Local information - history
The historic City of Worcester is awash with heritage both inside the city boundaries and beyond. With early beginnings as a settlement in the Iron Age period and home to one of England’s most magnificent cathedrals, it has become a popular modern day place to live, conveniently located for the commuter and lovers of the countryside. The views of the Malverns are stunning and it is easy to see how their beauty and grandeur inspired many musicians, writers and poets, the most famous being Sir Edward Elgar and J R R Tolkein.
Worcester is twinned with the German city of Kleve and is famous for Royal Worcester Porcelain, Lea & Perrins Worcestershire Sauce and being the birthplace of Sir Edward Elgar.
Places to visit
At the heart of the City is the imposing Cathedral rising majestically above the River Severn. Dating from the 12th century, there are royal tombs, medieval cloisters, the ancient crypt and chapter house to visit as well as some sublime music to listen to from the Cathedral Choir. The Cathedral also hosts concerts as part of the Three Choirs Festival in rotation.
Worcester has many sporting venues to be proud of from Cricket at New Road, Horse Racing at Pitchcroft and Rugby at Sixways, home to the Worcester Warriors. On a cultural front there is the Swan Theatre, Huntingdon Hall and the Theatres in nearby Malvern offering something for everyone all year round.
Shopping opportunities are plentiful - from the superb (and dangerous!) independent shops in the ancient cobbled street close the city centre, Friar Street, to national chains and the wonderful new Cathedral Plaza. The City enjoys a plethora of shops, boutiques, bars and restaurants and for those who seek a wider range of facilities, it is within easy reach of Birmingham, Cheltenham and Stratford. Other tourist attractions include The Commandery, the Elgar Birthplace Museum, The Guildhall, Greyfriars and seasonally the Victorian Christmas Fayre is very popular.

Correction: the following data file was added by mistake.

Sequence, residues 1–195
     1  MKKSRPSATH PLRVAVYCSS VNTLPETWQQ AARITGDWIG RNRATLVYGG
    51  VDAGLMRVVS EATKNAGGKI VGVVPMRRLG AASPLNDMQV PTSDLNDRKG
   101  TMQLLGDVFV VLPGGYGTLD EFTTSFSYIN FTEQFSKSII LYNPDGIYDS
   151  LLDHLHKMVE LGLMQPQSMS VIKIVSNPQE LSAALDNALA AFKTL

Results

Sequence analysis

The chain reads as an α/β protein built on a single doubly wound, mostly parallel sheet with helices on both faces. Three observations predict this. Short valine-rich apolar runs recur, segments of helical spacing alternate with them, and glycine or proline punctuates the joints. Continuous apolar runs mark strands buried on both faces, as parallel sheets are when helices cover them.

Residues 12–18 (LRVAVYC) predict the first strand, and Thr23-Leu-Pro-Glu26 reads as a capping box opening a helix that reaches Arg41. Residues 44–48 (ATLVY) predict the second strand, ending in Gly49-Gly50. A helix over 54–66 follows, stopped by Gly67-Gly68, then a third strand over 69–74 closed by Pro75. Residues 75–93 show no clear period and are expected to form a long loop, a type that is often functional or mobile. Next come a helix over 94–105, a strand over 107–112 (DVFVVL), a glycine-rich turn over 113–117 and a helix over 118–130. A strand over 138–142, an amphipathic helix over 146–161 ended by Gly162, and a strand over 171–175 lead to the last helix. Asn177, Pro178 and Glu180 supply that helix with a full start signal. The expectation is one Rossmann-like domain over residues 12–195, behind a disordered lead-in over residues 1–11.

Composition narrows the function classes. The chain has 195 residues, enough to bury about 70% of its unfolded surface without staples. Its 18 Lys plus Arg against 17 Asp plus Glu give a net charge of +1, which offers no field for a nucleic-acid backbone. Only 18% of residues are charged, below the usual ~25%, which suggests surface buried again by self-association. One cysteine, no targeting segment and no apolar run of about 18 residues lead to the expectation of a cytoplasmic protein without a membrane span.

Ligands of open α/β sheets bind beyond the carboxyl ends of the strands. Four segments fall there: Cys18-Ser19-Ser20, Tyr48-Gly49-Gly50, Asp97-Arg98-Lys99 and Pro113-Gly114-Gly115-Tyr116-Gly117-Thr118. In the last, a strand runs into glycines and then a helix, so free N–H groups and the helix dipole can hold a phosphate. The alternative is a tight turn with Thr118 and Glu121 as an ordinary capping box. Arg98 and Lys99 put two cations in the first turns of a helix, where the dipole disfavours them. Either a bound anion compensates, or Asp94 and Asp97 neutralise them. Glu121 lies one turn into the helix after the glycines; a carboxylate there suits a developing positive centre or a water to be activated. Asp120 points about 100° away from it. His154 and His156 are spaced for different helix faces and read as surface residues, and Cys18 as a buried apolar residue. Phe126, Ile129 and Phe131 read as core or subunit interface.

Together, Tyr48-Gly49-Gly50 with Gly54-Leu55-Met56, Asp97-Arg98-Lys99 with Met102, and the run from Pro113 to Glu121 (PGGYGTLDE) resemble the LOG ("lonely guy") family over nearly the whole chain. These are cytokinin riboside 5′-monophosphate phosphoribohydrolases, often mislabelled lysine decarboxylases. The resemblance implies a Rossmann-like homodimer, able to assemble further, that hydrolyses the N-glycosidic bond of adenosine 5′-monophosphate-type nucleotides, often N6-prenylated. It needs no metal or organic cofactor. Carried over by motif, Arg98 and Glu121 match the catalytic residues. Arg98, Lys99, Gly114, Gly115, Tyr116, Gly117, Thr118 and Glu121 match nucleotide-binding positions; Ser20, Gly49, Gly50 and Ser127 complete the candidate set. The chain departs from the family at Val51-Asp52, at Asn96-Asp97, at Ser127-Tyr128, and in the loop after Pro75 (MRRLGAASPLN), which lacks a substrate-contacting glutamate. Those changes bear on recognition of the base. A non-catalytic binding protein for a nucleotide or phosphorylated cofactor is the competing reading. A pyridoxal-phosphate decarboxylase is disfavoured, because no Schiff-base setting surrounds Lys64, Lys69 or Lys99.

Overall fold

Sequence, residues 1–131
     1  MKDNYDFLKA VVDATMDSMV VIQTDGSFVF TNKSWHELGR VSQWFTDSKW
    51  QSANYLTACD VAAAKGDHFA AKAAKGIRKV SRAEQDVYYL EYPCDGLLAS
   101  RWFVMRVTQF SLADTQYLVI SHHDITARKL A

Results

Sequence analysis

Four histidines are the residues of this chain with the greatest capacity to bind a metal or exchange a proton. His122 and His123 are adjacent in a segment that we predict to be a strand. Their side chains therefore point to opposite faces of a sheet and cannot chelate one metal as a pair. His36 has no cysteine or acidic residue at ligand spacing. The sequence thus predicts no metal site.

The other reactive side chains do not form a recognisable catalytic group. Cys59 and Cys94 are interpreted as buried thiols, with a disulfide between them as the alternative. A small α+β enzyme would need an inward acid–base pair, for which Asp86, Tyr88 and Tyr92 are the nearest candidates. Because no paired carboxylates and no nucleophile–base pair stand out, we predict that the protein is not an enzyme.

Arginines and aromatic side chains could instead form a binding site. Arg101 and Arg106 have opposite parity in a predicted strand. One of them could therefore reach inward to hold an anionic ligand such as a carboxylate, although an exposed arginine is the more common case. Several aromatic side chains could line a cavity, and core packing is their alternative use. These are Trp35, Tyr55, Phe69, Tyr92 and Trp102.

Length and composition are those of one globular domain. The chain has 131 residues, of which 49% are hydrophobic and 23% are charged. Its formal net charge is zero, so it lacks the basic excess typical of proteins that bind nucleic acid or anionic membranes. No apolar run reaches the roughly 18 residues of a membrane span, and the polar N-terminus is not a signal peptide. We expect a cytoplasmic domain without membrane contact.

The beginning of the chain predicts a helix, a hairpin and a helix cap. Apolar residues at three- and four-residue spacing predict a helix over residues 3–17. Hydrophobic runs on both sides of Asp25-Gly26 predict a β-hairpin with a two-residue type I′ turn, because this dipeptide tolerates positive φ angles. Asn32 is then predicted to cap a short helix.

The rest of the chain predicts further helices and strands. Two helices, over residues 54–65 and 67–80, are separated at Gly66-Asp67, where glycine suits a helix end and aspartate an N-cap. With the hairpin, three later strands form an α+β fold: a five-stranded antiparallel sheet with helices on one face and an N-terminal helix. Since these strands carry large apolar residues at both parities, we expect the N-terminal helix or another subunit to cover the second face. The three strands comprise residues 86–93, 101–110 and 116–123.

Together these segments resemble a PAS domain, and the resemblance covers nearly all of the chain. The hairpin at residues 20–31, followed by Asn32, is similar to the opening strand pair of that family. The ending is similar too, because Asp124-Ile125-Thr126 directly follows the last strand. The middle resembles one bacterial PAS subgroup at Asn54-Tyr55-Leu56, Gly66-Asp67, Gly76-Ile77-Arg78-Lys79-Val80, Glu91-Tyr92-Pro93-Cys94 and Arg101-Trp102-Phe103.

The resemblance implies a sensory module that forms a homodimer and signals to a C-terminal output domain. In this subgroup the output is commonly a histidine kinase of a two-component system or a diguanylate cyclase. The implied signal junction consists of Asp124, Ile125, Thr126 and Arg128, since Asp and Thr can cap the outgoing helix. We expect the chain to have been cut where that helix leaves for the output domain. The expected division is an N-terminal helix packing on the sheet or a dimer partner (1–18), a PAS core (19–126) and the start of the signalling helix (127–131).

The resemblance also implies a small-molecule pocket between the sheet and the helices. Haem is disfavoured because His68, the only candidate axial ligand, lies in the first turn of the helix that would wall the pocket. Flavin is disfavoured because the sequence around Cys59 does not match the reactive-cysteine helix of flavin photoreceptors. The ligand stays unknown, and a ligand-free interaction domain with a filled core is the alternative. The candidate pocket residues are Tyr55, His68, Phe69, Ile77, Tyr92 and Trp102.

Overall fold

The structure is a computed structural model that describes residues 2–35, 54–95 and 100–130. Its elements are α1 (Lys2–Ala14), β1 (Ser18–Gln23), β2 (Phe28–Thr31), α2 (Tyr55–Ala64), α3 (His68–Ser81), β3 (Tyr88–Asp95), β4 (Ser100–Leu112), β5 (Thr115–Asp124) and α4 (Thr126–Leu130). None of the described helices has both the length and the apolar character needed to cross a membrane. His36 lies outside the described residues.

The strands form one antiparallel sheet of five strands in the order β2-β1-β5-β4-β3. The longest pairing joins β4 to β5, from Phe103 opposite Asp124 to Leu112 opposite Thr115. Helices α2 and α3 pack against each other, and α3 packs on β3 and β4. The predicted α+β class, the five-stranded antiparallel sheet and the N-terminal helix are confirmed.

Worcester is ideally placed for all transport links with Junctions 6 and 7 of the M5 easily accessible connecting through to the M42 linking into Birmingham. For those travelling by train, Worcester has two stations in the centre of the City, Shrub Hill and Foregate Street and in spring 2019 the new Parkway station is due to open to the south of the City near Norton providing quicker journeys to London and Birmingham. Those flying for business or pleasure will find Birmingham International Airport very convenient, being a little over 38 miles away. Not everyone needs to get to places in a hurry, in which case taking a boat trip along the River Severn, whether by narrow boat, pleasure cruiser or in a rowing boat, can be a wonderful place from which to admire and enjoy the beautiful City and surrounding countryside.
Local schools and colleges
Worcester has an enviable selection of schools to suit all requirements, budgets and abilities. In the City itself are two well regarded Public Schools, Kings School and Royal Grammar School (RGS), both of which have preschools and Prep Schools (Kings St Albans, Kings Hawford, The Grange and Springfield) allowing children to go from 3 through to 18 within the same school. RGS now also offers single sex education for girls from 3 to 16 at Dodderhill in Droitwich nearby. Across the river is the University of Worcester with its outstanding facilities, bringing a vibrant student population to the City. The county also boasts some outstanding State schools: Nunnery Wood High School, Northwick Primary, Redhill Primary and the renowned secondary schools The Chantry (in Martley), Hanley Castle, Pershore High School and The Chase High School.